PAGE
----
A high-level delegation from the Cayman Islands had a productive trip to Washington, DC last week, even if no particular agreements were reached.
Leader of Government Business Kurt Tibbetts said the visit was part of the Finance Public Relations Unit’s Cabinet-endorsed global strategy to proactively reach out to the opinion formers of key other governments.
‘We went to Washington to spread the good news about the Cayman Islands,’ Mr. Tibbetts said.
‘I can tell you that the Cayman Islands delegation was well received and there was sincere appreciation shown among the U.S. House and Senate leadership for our efforts to proactively and openly take the initiative and outline our industry and its relative importance to the U.S.’
Cayman’s delegation included Mr. Tibbetts; Cabinet Minister Alden McLaughlin in his capacity as Minister for International Financial Services Policy; Attorney General Sam Bulgin; Financial Secretary Kenneth Jefferson; Deputy Financial Secretary for Financial Services Deborah Drummond; Cayman Islands Monetary Authority General Counsel Langston Sibblies; Deputy Managing Director Patrick Bodden; and Portfolio of Finance Public Relations Unit Director Ted Bravakis.
Mr. Tibbetts said the purpose of the trip was not to resolve any particular issues.
‘There were no formal agreements reached,’ he said. ‘That is not the type of [visit] it was. There was nothing like that to achieve.’
Mr. Tibbetts said the visit was entirely one of the Cayman government’s own initiative, which was even more warranted because of the changing political landscape in the U.S. following the November 2006 elections that brought the American Democratic Party into control of both the Senate and House of Representatives.
‘I think it was absolutely important for us to meet, greet and shake hands with [the people in Washington] so they could see our sincerity and meet us directly.’
Among the many important meetings the delegation had were ones with U.S. Representative Charles Rangle, the chairman of the Ways and Means Committee; U.S. Representative Barney Frank, the chairman of the House Financial Services Committee; and U.S. Representative Steny Hoyer, the House Majority Leader.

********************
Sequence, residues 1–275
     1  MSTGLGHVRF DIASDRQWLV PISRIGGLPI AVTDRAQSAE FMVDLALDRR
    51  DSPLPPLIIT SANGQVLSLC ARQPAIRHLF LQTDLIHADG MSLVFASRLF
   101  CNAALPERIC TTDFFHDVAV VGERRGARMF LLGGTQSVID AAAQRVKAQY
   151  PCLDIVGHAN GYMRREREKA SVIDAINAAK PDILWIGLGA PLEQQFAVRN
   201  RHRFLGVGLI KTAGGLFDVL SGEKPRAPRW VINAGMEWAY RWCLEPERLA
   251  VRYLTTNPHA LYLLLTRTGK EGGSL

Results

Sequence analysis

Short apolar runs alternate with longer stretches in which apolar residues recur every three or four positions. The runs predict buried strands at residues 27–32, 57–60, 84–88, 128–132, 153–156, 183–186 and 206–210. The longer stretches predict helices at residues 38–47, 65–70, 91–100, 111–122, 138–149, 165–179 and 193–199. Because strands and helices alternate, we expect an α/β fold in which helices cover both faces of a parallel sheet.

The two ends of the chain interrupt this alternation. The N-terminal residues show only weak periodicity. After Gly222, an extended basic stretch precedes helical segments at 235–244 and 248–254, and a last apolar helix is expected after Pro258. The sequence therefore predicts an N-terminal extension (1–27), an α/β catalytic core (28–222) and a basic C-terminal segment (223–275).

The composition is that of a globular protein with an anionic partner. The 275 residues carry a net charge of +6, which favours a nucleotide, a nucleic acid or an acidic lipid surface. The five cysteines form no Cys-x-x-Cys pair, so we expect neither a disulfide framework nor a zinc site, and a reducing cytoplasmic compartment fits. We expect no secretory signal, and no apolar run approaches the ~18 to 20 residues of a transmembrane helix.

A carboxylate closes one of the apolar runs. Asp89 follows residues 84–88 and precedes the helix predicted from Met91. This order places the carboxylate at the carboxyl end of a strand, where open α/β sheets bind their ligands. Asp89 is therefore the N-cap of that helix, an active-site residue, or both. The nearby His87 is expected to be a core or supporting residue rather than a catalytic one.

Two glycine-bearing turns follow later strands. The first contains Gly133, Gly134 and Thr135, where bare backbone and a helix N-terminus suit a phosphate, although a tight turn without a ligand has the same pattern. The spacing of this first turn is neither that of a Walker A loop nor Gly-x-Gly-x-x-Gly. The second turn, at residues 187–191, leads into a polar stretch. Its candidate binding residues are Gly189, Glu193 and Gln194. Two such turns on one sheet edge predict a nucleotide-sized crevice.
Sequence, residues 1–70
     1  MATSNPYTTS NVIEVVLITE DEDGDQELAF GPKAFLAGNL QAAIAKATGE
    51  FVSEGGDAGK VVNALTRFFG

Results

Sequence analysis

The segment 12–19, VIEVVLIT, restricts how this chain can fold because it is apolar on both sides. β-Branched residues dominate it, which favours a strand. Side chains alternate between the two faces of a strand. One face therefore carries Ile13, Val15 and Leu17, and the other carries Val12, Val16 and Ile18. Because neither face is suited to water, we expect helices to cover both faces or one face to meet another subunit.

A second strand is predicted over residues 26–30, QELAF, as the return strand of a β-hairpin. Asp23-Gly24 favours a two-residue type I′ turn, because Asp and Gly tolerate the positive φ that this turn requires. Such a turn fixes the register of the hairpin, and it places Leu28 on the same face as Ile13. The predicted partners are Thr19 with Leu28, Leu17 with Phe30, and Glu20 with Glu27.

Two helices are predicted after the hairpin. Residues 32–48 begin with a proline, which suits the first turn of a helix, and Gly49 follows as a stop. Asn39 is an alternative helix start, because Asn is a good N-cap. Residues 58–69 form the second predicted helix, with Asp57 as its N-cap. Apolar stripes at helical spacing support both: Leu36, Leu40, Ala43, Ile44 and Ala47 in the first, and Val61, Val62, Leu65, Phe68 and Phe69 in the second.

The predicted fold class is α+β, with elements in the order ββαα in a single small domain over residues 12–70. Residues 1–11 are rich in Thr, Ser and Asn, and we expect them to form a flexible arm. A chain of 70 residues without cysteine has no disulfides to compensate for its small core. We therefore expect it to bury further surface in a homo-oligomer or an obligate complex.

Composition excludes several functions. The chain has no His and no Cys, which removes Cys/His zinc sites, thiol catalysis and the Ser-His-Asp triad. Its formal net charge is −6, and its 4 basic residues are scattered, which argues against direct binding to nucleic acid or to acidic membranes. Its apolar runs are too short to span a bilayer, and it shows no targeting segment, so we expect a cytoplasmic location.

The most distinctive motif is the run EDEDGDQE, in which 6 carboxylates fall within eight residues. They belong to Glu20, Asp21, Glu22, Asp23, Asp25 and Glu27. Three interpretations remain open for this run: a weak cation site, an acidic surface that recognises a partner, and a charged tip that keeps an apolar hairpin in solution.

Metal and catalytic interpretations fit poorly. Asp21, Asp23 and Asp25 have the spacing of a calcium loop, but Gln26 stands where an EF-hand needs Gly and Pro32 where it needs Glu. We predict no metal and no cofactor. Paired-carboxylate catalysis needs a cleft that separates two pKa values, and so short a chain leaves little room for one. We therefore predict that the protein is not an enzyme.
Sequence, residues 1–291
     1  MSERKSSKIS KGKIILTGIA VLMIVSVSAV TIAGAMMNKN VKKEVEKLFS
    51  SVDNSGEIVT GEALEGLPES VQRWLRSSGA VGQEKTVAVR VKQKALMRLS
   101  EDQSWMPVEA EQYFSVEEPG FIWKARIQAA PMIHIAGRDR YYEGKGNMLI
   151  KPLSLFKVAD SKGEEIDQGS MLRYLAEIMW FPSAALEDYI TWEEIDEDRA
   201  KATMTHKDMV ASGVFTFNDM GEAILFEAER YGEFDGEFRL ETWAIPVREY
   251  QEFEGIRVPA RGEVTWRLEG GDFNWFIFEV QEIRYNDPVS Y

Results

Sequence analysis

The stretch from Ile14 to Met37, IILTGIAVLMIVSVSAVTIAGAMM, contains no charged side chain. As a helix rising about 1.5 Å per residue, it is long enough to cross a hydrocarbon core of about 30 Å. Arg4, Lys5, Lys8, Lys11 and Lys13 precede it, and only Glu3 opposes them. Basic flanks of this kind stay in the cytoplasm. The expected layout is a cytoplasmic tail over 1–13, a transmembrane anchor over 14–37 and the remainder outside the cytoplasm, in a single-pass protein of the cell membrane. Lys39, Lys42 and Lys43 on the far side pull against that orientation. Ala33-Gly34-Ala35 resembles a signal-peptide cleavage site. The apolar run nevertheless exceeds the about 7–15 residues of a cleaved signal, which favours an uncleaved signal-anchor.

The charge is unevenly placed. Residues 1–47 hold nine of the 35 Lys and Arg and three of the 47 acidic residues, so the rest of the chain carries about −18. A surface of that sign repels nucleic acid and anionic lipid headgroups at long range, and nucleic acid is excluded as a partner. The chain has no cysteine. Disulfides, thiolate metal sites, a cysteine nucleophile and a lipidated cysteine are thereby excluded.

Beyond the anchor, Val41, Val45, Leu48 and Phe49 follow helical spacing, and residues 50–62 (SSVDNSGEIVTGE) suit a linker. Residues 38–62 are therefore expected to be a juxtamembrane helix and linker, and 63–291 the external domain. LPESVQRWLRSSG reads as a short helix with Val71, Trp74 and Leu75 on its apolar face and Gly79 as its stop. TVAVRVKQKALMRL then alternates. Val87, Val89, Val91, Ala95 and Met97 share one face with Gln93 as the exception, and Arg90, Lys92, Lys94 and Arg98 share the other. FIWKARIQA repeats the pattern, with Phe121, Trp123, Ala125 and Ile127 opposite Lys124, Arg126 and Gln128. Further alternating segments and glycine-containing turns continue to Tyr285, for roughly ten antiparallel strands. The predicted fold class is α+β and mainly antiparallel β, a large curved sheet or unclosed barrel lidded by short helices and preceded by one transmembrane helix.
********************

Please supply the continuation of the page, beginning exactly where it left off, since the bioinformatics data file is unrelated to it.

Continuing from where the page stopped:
Mr. Tibbetts said the Cayman delegation split up in meeting some of the people.
The delegation had particularly important meetings with members of the U.S. Ways and Means Committee – a body that deals with taxation matters – and with the House and Senate Financial Services Committees and Banking Committees.
‘We knew from our advance work and discussions leading up to this visit that there is uneven awareness and appreciation of the Cayman Islands’ financial services industry among these particular audiences,’ Mr. Tibbetts said.
The delegation also met with economic think tanks, including that of Richard Rahn’s Heritage Foundation.
Mr. Tibbetts said the delegation’s message to the people it met with was one that indicated it was a ‘friendly partner of the U.S. government.’
‘We also wanted to ensure that any misconceptions about our industry were addressed and we stressed the importance of open dialogue in hopes of being able to provide input on any potential U.S. legislative activities that may come to light and with may have implications for the Cayman Islands.’
Mr. Tibbetts said the delegation received no complaints about Cayman’s financial services industry and that its money-laundering and counter terrorist regimes were duly noted.
‘Clearly our investments in those regimes have started to become more recognised,’ he said.
When it came to the issues of taxes, Mr. Tibbetts said the Cayman Government has recognised that U.S. policymakers are looking at all sources of revenue, including the activities of U.S. individuals and entities with a presence in international financial centres such as the Cayman Islands.
Mr. Tibbetts said the delegation emphasised that the Cayman Islands Government recognised that all U.S. individuals and entities must meet their tax obligations.